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Siege of Nándorfehérvár
- This article is about the 1456 siege of Nándorfehérvár or Belgrade, but the fort was also besieged in 1718 and in 1788.
After the fall of Constantinople in 1453, Ottoman sultan Mehmed II was rallying his resources in order to subjugate Hungary. His immediate objective was Belgrade, which at the time was a Hungarian végvár (border fort) of Nándorfehérvár, today's Belgrade. János (John) Hunyadi, a Hungarian nobleman and warlord from a Wallachian (Romanian) lineage who fought many battles against the Ottomans in the previous two decades, expected just such an attack.
At the end of 1455, after a public reconciliation with all his enemies, he began preparations. At his own expense he provisioned and armed the fortress, and leaving in it a strong garrison under the command of his brother-in-law Mihály Szilágyi and his own eldest son László, he proceeded to form a relief army and a fleet of two hundred corvettes. As no other baron was willing to help (fearing Hunyadi's gorwing power more than the Ottoman threat), he was left entirely to his own resources.
His one ally was the Franciscan friar, Giovanni da Capistrano, who preached a crusade so effectually that the peasants and yeomanry, ill-armed (most of them had but slings and scythes) but full of enthusiasm, flocked to the standard of Hunyadi, the kernel of whose host consisted of a small band of seasoned mercenaries and a few banderia of noble horsemen. All in all, Hunyadi could build a force of 25-30,000 men.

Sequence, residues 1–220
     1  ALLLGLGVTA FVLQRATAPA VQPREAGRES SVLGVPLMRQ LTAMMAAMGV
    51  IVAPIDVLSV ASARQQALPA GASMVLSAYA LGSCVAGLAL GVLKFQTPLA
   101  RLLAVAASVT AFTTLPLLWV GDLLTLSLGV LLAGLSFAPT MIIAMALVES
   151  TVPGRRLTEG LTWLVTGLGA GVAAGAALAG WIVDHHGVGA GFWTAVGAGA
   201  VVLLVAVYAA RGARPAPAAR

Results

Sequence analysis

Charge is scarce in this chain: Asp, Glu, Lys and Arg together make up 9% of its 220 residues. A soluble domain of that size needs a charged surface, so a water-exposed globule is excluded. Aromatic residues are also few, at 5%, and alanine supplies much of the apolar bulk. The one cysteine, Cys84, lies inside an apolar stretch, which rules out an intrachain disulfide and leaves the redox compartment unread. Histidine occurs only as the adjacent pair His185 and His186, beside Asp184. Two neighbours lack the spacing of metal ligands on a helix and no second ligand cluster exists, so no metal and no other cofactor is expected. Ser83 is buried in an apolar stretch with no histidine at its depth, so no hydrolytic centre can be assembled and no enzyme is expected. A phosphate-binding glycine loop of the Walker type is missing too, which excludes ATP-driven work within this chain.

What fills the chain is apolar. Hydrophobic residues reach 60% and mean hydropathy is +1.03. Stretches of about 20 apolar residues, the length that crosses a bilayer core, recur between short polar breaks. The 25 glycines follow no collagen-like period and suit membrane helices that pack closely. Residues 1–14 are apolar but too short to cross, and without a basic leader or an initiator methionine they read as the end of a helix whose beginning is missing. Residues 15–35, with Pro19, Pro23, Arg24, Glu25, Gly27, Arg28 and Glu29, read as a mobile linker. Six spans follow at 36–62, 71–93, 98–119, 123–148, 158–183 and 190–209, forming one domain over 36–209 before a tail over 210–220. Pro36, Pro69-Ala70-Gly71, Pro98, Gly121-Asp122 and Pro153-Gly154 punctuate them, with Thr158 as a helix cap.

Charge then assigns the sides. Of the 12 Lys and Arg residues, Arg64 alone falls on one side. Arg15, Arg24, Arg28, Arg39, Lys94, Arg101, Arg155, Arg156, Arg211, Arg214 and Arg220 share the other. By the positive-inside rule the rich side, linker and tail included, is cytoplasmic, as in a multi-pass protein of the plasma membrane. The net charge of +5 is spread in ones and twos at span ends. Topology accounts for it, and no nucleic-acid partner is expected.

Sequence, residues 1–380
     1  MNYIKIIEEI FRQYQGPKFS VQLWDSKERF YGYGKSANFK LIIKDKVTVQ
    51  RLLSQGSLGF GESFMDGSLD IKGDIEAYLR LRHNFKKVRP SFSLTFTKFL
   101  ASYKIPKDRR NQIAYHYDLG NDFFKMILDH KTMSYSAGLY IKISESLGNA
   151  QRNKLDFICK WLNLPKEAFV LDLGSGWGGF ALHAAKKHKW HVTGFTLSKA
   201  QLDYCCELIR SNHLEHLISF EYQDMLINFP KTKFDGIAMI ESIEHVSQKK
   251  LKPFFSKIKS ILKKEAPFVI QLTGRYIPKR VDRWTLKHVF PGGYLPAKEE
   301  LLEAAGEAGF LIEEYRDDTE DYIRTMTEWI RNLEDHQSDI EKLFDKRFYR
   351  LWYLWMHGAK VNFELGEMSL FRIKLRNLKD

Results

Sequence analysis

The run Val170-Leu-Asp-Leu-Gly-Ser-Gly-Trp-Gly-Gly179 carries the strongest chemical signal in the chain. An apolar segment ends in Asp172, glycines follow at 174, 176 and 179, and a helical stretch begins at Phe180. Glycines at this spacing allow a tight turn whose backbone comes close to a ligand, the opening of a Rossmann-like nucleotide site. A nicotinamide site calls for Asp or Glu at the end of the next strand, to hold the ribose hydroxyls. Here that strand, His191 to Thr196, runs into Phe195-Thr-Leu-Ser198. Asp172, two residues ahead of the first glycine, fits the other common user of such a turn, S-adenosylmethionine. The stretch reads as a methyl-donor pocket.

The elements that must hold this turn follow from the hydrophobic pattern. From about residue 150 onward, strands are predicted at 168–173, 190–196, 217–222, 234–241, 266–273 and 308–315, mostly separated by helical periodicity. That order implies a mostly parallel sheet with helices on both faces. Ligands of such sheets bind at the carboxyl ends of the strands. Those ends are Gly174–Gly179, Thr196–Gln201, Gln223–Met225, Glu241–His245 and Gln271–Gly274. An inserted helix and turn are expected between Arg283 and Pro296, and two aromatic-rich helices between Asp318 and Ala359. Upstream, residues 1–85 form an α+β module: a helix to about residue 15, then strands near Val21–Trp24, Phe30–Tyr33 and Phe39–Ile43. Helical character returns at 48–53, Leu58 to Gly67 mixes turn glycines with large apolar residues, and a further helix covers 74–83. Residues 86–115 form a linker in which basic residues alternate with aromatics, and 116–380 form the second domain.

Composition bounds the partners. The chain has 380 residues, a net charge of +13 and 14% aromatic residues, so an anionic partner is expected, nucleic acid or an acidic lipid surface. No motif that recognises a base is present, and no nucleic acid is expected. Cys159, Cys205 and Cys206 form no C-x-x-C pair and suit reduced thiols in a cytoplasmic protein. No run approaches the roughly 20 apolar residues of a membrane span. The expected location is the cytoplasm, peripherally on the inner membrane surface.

However, before these forces could have been assembled, Mehmet II's invasion army (160,000 men in early accounts, 60-70,000 according to newer research) arrived at Nándorfehérvár. On July 4, 1456, the siege began. Szilágyi could only rely on a force of 5-7,000 men in the castle.
On the 14th of July 1456 Hunyadi arrived with his flotilla on the Danube, and destroyed the Sultan's fleet. The fort's defense could be reinforced. But after a week of heavy bombardement, on the 21st the besieging army flooded the city, and then started its assault on the fort. But Szilágyi's soldiers beat off a fierce assault. When a Turkish soldier almost managed to pin the Sultan's flag on top of a bastion, a soldier named Titus Dugovic (Dugovics Titusz in Hungarian) grabbed him and together they plunged from the wall. (For this heroism John Hunyadi's son, Hungarian king Matthias Corvinus made Titus's son a nobleman three years later.)
In the second day of the onslaught, Capistrano led his crusaders to the Turkish rear army across the Sava river. At the same time, Hunyadi started a desperate charge out of the fort to take the cannon positions in the Turkish camp. (By some accounts, the peasant crusaders started their action spontaneously on their own, and Capistrano and Hunyadi only made use of the situation). The surprise attacks caused heavy losses and much disarray, thus during the night Mehmed withdrew his remaining forces and returned to Constantinople (now Istambul). The Magyars had, however, to pay dearly for this victory, as plague broke out in the camp, in which John Hunyadi himself died three weeks later (11th August 1456).
The victory stopped the Ottoman Turkish advance towards Catholic Europe for 70 years, though they made other incursions such as the taking of Otranto in 1480-1481 and the raid of Croatia and Styria in 1493.
During the siege, Pope Callixtus III ordered the noon bell , to call believers to pray for the defenders - but as in many places the news of victory arrived later than the order, it transformed into the commemoration of the victory, and the Pope didn't withdraw the order. Hence the noon bell is still rung to this day.
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